Economy

Southwest Just Made a Big Promise to Its Customers

May 2nd 2017

By:
Thor Benson

A video released last month showing a man getting dragged off of a United Airlines flight caused public outcry, and airlines have been scrambling to maintain a positive public face ever since. Last week, Southwest Airlines CEO Gary Kelly announced that his company will no longer overbook flights, which could have a major impact on the industry. 

airplane-dragging

"The last thing that we want to do is deny a customer their flight," Kelly said during an interview on CNBC. "We'll cease to overbook going forward. We've been taking steps over the last several years to prepare ourselves for this anyway."

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"Southwest is changing our policy and will no longer book flights over capacity as part of the selling process," Southwest spokeswoman Brandy King said in a statement to USA TODAY. "As we have dramatically improved our forecasting tools and techniques, and as we approach the upcoming implementation of our new reservations system on May 9, we no longer have a need to overbook as part of the revenue management inventory process. The improved reliability allows us now to change Southwest's overbooking policy and enhance our customer-friendly hospitality, the over-arching philosophy at the heart of 45-plus years of success at Southwest."

The United situation has exposed major issues with commercial airline flights. Airlines typically overbook flights because they expect some people to miss their flights.

Samuel Engel, head of the aviation practice at the consulting group ICF International, told ATTN: that Southwest is actually in a unique position to stop overbooking flights. Engel said that most airlines give people little time to get to their connecting flight at the major airports they use for connecting flights, like Atlanta, but Southwest doesn't do that.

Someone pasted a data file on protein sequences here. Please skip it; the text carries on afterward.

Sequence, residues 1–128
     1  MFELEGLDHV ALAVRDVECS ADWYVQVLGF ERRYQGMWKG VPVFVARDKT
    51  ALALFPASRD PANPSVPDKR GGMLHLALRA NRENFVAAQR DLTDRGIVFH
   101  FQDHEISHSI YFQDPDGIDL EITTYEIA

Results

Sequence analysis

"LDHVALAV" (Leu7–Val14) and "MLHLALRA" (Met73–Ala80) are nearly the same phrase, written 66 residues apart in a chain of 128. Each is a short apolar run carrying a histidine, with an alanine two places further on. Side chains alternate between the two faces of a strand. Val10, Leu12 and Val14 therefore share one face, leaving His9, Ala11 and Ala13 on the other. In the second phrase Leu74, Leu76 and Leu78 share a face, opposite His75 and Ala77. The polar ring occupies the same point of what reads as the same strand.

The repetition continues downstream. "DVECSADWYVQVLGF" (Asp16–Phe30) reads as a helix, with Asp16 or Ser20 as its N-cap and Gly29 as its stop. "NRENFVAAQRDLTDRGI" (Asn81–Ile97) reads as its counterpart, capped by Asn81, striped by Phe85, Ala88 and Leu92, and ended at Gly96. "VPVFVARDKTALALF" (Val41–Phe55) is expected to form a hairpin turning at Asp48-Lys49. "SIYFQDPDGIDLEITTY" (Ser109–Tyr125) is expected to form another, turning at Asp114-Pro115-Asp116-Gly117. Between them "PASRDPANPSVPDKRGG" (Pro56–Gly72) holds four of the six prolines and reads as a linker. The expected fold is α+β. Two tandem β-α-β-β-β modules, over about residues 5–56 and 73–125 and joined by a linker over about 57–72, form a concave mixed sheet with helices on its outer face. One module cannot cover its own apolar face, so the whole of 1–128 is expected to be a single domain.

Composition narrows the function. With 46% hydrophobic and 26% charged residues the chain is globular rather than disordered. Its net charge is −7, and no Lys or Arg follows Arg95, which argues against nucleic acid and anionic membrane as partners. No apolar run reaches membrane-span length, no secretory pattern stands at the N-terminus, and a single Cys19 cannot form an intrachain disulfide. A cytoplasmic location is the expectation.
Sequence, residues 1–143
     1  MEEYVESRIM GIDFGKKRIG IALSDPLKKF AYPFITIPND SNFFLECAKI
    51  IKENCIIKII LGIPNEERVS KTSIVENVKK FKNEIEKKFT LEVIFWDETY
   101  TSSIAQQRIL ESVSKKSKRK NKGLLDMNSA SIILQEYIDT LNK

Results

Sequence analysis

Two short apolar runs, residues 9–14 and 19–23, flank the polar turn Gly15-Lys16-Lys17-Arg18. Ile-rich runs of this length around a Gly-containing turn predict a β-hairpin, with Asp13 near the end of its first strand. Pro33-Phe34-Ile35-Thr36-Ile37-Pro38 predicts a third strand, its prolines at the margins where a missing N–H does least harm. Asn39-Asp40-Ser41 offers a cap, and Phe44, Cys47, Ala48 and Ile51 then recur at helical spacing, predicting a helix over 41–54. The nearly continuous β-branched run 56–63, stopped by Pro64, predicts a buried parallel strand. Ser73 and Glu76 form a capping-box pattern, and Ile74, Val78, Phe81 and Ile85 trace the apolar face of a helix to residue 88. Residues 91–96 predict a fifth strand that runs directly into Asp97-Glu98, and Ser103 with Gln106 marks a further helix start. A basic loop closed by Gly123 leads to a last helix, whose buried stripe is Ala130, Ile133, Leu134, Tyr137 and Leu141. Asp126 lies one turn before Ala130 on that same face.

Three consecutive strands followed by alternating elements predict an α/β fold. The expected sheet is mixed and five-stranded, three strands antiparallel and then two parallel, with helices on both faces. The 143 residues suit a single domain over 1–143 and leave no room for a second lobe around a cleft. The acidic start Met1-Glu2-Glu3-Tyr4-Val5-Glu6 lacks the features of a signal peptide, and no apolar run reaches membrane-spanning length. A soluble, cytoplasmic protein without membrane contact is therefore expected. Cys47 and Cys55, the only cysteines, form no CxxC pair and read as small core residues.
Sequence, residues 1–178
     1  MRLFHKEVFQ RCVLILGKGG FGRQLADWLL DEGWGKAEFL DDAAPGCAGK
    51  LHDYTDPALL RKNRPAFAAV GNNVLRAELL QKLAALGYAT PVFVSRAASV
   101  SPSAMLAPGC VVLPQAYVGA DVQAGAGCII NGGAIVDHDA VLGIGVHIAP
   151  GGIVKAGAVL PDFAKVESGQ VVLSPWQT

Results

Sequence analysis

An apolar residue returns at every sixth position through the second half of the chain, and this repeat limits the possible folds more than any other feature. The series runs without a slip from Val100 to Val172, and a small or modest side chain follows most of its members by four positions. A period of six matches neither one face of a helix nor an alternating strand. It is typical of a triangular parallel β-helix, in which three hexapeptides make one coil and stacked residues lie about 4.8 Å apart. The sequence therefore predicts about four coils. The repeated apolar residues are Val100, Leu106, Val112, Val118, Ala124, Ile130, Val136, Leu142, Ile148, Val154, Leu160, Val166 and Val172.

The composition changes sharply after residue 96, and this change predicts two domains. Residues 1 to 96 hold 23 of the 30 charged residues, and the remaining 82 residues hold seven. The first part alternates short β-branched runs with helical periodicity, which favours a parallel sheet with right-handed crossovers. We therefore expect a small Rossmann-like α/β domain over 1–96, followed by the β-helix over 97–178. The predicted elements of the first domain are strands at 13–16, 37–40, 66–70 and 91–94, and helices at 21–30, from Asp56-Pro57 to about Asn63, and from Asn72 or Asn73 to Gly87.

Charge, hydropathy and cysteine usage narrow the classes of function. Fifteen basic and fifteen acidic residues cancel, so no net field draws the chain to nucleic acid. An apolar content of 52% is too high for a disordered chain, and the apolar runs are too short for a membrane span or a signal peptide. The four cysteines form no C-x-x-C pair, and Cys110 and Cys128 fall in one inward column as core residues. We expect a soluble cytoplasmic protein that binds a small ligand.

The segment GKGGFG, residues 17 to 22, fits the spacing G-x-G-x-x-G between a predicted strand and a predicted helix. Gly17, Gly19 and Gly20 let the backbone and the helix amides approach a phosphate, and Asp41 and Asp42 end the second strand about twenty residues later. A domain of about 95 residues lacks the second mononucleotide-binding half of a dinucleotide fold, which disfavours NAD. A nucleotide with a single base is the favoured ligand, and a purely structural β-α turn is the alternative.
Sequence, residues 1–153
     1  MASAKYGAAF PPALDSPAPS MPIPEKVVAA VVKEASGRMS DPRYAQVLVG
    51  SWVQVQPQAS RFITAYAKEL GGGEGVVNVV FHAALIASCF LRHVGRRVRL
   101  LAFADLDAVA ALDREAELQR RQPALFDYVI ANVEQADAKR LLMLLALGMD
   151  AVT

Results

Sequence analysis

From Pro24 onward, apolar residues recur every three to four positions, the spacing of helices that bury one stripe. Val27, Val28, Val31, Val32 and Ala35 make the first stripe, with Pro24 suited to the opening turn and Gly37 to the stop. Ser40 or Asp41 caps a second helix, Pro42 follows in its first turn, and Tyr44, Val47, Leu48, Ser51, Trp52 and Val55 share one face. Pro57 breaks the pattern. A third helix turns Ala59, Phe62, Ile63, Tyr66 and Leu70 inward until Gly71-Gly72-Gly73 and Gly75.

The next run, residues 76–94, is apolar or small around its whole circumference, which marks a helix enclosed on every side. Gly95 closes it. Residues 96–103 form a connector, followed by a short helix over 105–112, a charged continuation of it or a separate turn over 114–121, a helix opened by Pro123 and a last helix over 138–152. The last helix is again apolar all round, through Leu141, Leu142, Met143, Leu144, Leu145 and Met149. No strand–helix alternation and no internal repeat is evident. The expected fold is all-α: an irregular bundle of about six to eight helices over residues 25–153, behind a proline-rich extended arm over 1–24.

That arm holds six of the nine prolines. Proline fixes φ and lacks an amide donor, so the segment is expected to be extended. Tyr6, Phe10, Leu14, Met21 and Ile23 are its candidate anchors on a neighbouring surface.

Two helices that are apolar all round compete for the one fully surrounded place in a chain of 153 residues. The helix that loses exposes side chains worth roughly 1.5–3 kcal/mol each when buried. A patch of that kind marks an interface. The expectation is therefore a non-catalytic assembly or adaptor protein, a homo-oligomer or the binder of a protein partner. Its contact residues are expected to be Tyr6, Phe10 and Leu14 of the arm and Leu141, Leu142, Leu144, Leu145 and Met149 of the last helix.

"You'll have a whole lot of flights that land in Atlanta between 8 and 9, and then a whole bunch more that take off between 8:45 and 9:30," Engel said of most airlines. "If one flight is delayed, it's likely to result in a lot of missed connections." Southwest overall has fewer people missing flights because of difficult connections, according to Engel.

All of this means that while choosing not to overbook flights anymore isn't a hard choice for Southwest, since Southwest customers miss flights relatively infrequently, it would be much more difficult for other airlines that are accustomed to people missing flights and try to overbook to keep flights full. 

United announced at the end of last month that it will offer up to $10,000 to customers who agree to take a different flight if a flight is overbooked.

The issue of overbooking has gained so much attention that Sen. Chris Van Hollen (D-Md.) introduced a bill last month called the Customers Not Cargo Act that would make it illegal for airlines to kick customers off of overbooked flights. Rep. Jan Schakowsky (D-Ill.) is introducing similar legislation in the House. Perhaps we'll see airlines improve for once.